Bored to distraction

Duncan Campbell

New Statesman, 4 December 1987, p. 32

Bare-Faced Messiah: the True Story of L. Ron Hubbard
Michael Joseph


'THE BODY HE HAD USED to facilitate his existence in this universe had ceased to be useful and in fact had become an impediment to the work he must now do outside its confines,' is how the death of L. Ron Hubbard was announced to his followers in l986. You know the feeling.

But Ron did manage to pack quite a lot into the time when he was still inside that body's confines and Miller's illustrated tome is a diligent investigation into exactly what he did get up to.

To compile it, he got little encouragement from the Church of Scientology, some of whose members made it clear that they felt that perhaps Miller's own body had become a bit of an impediment.

Miller, who made his name as a Sunday Times feature writer at a time when that paper was in its heyday, is clearly fascinated by wealthy American obsessives. His previous books include biographies of Playboy's Hugh Hefner and the Gettys, the latter a hauntingly depressing book. So what does he make of L. Ron?

The most frequent entry in Hubbard's childhood diary in Washington were the words 'Was bored'. Years later he records in his 'Explorer's Journal' in l960, when he acquires the Scientology HQ at Saint Hill Manor in East Grinstead. 'My own life is rather dull these days. I sort of won the Maharajah of Jaipur's luxury Sussex estate in a poker game.' So we see a sort of' Ron Ennui, bored by normal pressures of life, bored by the early successes as a science fiction writer and driven on to more' and more fantastical claims by the realisation that people will believe anything. There is a lot to dislike about him as he becomes increasingly autocratic and dismissive and paranoid: how he threw elderly women off his yacht as part of their 'overboarding' therapy, how he finked on former colleagues during the anti-Communist purges of the '50s

There are also some cheery moments, as when he introduces the world's first 'clear' - a person in that state of grace sought by Scientology members. He tells his audience that she, Sonya Bianca, has perfect recall of every moment of her life. 'What did she have for breakfast on 3 October, 1942?' asks someone in the audience. I recall a similar experience in the mid-705 when a new religion was launched by a part-time security worker called Leo at a. church in Belsize Park. He also introduced a follower who could 'answer any question you can put to him.' I asked him to name the Scottish winning team of 1956. Like Sonya, he was stumped. There's always some smart alec around and one can't really blame Ron for retreating to his maritime HQ for the last ten of his life.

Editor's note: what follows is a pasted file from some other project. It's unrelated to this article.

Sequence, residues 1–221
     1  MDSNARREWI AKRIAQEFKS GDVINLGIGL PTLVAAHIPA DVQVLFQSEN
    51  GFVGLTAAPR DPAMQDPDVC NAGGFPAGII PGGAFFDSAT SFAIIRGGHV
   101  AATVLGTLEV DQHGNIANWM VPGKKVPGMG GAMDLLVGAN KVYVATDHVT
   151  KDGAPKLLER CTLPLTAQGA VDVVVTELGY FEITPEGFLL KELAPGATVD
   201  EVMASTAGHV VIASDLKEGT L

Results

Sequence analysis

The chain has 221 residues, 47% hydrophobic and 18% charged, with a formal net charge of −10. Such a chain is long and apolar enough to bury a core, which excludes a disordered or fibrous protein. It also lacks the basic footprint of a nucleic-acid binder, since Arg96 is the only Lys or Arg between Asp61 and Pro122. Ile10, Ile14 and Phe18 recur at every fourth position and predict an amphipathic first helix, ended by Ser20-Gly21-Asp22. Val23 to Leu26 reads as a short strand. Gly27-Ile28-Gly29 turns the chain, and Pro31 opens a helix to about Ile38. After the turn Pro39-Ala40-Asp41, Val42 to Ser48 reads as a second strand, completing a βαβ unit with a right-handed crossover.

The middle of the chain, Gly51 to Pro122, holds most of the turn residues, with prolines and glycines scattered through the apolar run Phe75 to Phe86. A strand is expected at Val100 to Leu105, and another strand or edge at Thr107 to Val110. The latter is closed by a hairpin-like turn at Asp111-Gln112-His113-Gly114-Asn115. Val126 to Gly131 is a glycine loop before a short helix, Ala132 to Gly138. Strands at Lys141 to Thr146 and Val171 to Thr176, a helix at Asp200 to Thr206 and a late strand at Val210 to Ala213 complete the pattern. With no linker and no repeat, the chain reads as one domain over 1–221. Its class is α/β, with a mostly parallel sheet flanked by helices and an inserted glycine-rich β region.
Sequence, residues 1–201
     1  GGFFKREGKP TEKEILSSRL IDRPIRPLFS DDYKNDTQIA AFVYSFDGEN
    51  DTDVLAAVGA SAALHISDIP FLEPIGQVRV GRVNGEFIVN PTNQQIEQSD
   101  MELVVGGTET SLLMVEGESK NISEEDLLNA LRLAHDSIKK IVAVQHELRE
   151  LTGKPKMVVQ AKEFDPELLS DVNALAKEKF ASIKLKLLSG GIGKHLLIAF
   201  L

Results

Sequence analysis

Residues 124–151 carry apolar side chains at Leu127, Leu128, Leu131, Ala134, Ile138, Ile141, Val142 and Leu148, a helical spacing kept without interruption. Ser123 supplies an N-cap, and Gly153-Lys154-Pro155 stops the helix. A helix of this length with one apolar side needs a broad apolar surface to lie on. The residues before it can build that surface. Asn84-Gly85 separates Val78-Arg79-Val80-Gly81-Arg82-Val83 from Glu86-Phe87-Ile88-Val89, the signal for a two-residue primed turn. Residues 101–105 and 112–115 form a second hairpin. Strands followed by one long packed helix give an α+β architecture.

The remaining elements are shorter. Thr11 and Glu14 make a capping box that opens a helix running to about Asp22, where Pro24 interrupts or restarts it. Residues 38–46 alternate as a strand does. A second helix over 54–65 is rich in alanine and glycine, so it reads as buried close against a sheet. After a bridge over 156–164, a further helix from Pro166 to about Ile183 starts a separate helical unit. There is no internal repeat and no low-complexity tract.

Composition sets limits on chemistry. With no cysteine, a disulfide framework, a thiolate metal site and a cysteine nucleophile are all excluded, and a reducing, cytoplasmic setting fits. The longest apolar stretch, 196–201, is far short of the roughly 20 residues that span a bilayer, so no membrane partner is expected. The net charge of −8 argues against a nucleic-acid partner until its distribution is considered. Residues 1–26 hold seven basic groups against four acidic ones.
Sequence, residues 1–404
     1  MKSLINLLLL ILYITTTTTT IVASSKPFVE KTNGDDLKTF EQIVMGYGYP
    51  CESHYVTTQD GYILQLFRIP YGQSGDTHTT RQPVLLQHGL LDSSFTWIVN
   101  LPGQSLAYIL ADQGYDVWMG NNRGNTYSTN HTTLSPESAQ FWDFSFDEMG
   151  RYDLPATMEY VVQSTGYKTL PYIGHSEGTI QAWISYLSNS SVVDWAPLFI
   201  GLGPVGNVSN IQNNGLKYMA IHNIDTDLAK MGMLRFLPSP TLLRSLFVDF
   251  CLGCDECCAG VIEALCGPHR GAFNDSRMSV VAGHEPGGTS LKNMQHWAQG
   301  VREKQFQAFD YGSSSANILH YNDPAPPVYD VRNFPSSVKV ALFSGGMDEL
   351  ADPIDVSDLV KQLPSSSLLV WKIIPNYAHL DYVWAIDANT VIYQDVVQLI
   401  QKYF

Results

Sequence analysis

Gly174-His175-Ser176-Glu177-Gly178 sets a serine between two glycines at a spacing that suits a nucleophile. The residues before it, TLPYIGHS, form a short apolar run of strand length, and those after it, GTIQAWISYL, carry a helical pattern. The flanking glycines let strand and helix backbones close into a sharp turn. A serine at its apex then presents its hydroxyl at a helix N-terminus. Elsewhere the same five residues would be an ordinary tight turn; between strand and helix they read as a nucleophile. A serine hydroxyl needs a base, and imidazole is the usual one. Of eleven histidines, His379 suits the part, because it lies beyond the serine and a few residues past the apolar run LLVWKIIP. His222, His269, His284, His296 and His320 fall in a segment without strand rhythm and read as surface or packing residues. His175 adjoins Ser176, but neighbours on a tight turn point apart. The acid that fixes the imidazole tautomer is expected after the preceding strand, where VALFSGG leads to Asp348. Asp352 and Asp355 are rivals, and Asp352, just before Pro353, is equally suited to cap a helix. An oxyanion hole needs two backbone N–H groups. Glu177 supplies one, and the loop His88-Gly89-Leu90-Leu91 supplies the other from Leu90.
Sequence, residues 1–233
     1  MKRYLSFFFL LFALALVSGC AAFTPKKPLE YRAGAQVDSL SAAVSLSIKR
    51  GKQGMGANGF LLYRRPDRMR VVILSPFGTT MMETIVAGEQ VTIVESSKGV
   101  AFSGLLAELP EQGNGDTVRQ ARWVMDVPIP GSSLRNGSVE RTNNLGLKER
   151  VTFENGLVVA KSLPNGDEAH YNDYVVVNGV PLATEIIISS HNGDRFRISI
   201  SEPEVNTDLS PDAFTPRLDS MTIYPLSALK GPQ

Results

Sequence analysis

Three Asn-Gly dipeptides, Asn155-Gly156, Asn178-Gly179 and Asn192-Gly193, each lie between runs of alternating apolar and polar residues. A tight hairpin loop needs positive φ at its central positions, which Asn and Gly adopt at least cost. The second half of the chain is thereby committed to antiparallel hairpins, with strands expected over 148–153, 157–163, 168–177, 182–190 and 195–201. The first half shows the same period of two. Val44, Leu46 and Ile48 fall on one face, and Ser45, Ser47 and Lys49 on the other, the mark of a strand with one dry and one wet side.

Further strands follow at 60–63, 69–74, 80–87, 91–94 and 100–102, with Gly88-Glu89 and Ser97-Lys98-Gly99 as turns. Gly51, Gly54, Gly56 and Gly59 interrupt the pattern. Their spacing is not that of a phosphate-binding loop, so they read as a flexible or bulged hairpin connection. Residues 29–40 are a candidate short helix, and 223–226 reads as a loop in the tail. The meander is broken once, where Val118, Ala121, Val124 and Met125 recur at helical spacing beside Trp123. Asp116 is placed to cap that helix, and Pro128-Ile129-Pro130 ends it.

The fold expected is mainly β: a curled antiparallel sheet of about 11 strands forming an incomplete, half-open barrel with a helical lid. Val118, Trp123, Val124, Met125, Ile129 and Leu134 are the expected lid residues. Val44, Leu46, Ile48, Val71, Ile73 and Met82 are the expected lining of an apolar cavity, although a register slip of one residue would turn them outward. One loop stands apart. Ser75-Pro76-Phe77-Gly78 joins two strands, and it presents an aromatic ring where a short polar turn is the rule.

Miller writes very accessibly and his research has clearly been painstaking, but I have a couple of reservations. What he has not really managed to explain is why some perfectly decent, smart people got what they were seeking from Scientology; not all Hubbard's followers were weak, unfulfilled souls seeking an easy answer and a strong God.

Some who have been connected with Scientology - John Travolta, Karen Black, Chick Corea, the Incredible String Band for instance - obviously found something of value. This is never fully explored and is one of the weaknesses of the book.

Second, I have a reservation about the way that we handle new, non-Christian religions in this country. I have no brief for Ron and his daft I notions, nor for the more repulsive Sun Moon and his yet creepier followers, but some of the beliefs of new religions are no crazier 'than some of the beliefs of Christianity. If the Bishop of Durham dares to suggest that, er, perhaps there wasn't a virgin birth and perhaps some of the miracles were not quite what they seem, everyone goes bananas. Yet Ron and his people make fantastical claims and everyone goes bananas again. Funny old world.

I went down to Scientology's London office after reading the book and asked the two young men outside what they thought of it. They said they hadn't heard of it - despite all the court cases mounted to stop its publication - and suggested instead that I buy Ron's blockbuster, Dianetics. I said I'd read it and found it a bit turgid and they turned their attention to the next Tottenham Court Road pedestrian. Ron, presumably by now in a snappy new body, would have approved.

Duncan Campbell is Assistant News Editor at the Guardian.